“You Gotta Love That“
Written by Jess Brown and Brett Jones
Radio & Records
#1 (1 week)
April 12, 1996
Neal McCoy’s third and most recent No. 1 hit.
The Road to No. 1
After “No Doubt About It” and “Wink” went No. 1, “The City Put the Country Back in Me” went top five, serving as the final single from No Doubt About It. You Gotta Love That produced four singles on its way to repeating the platinum sales of its predecessor. “For a Change” and “They’re Playing Our Song” both went top five, and then “If I Was a Drinkin’ Man” went top twenty. The label chose the title track as the final single.
I had no recollection of this song at all, and I wondered why. Turns out it didn’t have a video, and its radio run coincided with a window of time that NYC had no country radio station.
I expected with its opening verse that it was going to be an eyeroll-worthy precursor to bro country:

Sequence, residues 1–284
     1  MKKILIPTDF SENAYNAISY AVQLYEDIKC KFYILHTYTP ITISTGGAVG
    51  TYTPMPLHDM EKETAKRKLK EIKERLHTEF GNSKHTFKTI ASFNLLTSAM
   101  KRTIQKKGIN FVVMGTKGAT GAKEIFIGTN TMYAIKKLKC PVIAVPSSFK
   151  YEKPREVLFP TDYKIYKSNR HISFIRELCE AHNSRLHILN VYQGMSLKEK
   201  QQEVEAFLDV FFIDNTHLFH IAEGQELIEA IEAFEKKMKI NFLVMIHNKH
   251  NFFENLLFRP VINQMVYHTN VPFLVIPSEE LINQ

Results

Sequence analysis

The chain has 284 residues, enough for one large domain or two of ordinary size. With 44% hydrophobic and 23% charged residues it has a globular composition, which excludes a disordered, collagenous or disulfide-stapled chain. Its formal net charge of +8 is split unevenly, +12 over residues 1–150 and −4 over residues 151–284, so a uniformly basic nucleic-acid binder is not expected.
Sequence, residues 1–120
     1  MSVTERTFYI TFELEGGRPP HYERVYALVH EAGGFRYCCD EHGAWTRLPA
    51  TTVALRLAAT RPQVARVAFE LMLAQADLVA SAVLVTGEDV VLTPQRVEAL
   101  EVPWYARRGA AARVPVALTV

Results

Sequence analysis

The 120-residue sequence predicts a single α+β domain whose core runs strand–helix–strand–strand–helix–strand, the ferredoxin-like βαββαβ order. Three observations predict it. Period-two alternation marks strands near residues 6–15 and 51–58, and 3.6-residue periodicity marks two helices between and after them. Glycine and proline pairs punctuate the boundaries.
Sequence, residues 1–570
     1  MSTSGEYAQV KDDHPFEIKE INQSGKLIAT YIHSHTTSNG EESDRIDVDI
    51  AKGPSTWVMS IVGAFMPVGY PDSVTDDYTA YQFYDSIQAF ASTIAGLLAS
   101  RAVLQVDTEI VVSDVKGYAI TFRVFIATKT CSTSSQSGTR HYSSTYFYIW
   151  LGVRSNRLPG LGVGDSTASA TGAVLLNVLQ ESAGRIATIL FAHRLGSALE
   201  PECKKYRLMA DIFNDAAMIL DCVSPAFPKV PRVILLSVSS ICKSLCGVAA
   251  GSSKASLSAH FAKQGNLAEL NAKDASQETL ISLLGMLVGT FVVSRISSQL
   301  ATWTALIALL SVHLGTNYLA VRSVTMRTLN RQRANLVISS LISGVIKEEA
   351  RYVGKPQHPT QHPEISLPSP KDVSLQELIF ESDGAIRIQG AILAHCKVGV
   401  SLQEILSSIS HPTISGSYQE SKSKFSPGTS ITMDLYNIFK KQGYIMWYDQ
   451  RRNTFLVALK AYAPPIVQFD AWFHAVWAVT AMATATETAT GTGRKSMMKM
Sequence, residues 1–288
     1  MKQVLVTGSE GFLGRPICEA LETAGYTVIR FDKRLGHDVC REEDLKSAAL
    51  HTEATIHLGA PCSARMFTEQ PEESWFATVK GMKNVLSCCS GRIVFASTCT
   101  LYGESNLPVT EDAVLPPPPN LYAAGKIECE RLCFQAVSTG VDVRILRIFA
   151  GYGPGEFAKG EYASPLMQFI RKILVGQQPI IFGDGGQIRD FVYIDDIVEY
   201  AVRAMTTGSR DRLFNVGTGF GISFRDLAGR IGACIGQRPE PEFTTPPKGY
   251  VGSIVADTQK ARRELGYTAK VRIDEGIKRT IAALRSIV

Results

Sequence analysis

Fresh off the farm just out of school
Face of an angel and nobody’s fool
Turquoise boots Atlanta Braves hat
Denim and lace and you gotta love that
But it takes a quick turn, as this woman has no interest in sticking around and being eye candy for some small town jock:
Long way from home white picket fence
She turned down a ring from her old boyfriend
She didn’t take a dime from even her dad
She’s out on her own and you gotta love that
In the mid-nineties, even the guys were leaning into the female empowerment that was dominating the musical landscape. It was a sign of the times, which unfortunately proved to be fleeting.
The Road From No. 1
Neal McCoy followed You Gotta Love That with a gold-selling self-titled album that produced a top five cover of “Then You Can Tell Me Goodbye.” A platinum-selling hits collection was released next, featuring his most recent top five hit, “The Shake.” His radio airplay cooled after that, though he managed a top ten hit in 2005 with “Billy’s Got His Beer Goggles On.” McCoy has remained an active touring artist and is well-known for his support of active and veteran military members.
“You Gotta Love That” gets a B.
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